Crypto Links With Banks Pose Threat To Financial Stability, Says ECB

The crypto industry’s deepening ties to banks and asset managers will pose a risk to financial stability, the European Central Bank has warned, in the latest sign of how central banks and governments are stepping up their scrutiny of the market. The ECB said on Tuesday it had undertaken “a deep dive into cryptoasset leverage and crypto lending” and found evidence that these activities were becoming more risky, complex and interconnected with traditional institutions.

Investors have been able to handle the €1.3tn fall in the market capitalisation of unbacked cryptoassets since November 2021 without any financial stability risks being incurred,” the ECB said. “However, at this rate, a point will be reached where unbacked cryptoassets represent a risk to financial stability.” The first such warning from the ECB, published as part of its twice-yearly financial stability review, followed similar messages from US and UK authorities, which have been unnerved by a series of recent failures in the crypto market.

Bitcoin, the world’s flagship cryptocurrency, has halved in value since November and recently fell below $30,000 for the first time since last summer. The market’s most important stablecoin, tether, momentarily lost its peg to the US dollar, while its rival terraUSD all but collapsed. The crypto market itself has boomed in size in recent years, with major platforms like Binance and FTX offering a wide array of complex financial products.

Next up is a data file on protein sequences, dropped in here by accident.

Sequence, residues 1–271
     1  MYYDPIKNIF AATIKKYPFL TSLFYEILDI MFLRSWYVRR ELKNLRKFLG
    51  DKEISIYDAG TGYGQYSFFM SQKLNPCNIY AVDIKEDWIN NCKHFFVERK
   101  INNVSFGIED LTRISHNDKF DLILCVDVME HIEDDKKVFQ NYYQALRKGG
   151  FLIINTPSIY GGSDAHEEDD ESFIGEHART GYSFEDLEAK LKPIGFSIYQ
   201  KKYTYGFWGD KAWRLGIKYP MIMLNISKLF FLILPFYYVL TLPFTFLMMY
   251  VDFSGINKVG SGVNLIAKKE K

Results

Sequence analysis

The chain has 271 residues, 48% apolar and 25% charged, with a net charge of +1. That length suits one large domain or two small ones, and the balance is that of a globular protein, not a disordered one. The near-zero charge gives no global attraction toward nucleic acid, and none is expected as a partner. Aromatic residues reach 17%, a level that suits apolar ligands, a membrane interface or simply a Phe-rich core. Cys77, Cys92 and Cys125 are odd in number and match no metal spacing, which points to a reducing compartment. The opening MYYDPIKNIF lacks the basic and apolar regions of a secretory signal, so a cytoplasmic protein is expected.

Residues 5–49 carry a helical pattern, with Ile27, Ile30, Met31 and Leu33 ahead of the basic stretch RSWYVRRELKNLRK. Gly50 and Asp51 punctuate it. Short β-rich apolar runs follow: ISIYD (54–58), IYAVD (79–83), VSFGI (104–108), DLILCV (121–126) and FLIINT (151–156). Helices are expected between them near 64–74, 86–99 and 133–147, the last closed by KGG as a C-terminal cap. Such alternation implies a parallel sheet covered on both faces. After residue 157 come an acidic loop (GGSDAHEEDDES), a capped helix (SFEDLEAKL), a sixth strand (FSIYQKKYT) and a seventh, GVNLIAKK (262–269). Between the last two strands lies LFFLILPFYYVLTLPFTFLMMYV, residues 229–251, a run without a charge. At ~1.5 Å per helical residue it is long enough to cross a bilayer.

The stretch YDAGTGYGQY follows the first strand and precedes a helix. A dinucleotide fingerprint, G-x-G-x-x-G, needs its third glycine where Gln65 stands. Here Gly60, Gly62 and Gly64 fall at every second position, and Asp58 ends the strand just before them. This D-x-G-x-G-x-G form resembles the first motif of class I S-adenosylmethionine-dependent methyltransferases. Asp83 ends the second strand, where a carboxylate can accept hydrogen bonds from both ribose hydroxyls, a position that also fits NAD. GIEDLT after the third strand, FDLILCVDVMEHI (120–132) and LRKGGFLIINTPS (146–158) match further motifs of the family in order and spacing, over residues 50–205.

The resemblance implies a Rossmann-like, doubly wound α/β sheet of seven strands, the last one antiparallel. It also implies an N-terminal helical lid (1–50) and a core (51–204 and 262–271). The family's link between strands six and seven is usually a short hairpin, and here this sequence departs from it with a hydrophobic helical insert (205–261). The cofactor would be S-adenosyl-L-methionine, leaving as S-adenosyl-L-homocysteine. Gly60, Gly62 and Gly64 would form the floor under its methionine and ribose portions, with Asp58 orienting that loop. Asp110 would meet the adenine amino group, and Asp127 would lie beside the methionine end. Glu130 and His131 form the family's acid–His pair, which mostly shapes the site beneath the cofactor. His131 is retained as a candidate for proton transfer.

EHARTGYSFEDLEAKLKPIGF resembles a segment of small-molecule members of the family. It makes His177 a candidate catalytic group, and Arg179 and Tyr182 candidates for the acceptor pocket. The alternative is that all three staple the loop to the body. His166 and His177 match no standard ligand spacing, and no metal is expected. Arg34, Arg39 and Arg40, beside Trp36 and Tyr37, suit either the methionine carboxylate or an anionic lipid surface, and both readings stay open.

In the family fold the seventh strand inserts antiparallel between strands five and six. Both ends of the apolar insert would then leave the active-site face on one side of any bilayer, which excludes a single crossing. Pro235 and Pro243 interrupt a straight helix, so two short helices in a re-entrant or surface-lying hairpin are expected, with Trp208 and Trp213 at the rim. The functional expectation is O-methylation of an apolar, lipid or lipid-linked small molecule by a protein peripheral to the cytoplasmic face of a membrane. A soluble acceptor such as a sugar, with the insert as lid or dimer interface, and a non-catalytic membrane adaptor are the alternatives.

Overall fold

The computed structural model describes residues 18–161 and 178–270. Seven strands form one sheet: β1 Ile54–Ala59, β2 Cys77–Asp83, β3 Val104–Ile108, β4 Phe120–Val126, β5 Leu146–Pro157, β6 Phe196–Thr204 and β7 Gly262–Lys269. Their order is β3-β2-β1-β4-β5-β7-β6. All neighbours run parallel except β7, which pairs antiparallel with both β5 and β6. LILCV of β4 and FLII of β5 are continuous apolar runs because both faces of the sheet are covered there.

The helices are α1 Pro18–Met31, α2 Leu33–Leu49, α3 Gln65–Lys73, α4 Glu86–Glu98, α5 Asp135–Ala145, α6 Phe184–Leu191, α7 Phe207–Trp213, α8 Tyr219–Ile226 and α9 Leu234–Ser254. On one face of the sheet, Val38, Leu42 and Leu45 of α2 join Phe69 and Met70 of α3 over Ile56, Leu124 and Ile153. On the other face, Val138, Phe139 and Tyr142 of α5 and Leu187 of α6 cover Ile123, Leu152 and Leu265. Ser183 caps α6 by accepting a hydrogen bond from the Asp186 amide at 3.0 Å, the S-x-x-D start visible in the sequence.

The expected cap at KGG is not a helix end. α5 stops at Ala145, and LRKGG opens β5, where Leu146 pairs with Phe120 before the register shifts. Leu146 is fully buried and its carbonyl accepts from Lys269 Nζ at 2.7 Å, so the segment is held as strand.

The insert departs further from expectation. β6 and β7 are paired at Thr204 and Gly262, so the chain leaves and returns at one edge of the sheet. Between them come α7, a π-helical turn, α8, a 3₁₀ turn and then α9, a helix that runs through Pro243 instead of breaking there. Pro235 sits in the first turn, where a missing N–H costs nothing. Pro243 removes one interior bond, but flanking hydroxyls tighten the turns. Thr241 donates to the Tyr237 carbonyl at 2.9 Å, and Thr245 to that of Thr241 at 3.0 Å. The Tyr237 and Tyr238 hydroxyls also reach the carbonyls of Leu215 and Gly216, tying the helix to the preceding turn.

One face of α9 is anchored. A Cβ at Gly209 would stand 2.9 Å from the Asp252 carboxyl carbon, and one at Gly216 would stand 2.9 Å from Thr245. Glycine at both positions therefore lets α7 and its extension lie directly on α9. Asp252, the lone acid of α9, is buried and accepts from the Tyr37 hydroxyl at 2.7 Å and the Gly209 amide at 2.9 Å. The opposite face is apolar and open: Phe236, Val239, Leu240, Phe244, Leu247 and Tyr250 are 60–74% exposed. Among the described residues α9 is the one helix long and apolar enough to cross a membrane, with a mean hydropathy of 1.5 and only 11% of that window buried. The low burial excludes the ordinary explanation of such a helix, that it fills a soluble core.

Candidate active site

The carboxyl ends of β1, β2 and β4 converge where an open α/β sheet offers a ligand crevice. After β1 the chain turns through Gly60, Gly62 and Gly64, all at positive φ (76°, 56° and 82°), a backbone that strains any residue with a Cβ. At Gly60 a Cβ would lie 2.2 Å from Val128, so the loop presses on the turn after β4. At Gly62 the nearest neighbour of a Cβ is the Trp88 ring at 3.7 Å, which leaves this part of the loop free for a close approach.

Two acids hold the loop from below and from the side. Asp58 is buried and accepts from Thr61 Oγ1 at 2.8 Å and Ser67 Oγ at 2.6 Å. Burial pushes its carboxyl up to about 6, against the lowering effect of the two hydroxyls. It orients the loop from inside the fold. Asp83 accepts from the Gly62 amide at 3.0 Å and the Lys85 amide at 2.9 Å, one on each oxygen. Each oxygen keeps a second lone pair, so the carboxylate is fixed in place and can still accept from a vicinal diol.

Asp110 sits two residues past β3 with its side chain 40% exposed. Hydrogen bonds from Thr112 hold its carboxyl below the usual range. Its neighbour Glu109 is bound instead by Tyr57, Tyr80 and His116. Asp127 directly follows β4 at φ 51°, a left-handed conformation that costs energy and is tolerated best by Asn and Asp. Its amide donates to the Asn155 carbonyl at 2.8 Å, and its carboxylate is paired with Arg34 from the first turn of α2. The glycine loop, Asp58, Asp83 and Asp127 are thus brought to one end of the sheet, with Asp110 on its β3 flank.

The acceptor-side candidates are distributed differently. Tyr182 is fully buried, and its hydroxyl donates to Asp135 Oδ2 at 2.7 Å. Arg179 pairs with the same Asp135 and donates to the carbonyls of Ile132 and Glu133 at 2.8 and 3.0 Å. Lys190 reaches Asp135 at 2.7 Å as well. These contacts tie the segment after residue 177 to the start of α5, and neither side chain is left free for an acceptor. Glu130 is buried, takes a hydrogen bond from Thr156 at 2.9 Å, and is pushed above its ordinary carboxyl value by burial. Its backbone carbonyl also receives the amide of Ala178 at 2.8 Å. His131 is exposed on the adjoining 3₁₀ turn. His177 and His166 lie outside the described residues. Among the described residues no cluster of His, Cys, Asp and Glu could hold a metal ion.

The world’s biggest crypto exchanges processed almost $700bn in spot trading last month and $1.1tn in bitcoin futures, according to data collated by The Block Crypto. Recommended Gillian Tett The Goldilocks crisis may have arrived for crypto The ECB said trading volumes for cryptoassets “have at times been comparable with or even surpassed those of the New York Stock Exchange or euro area sovereign bond quarterly trading volumes”.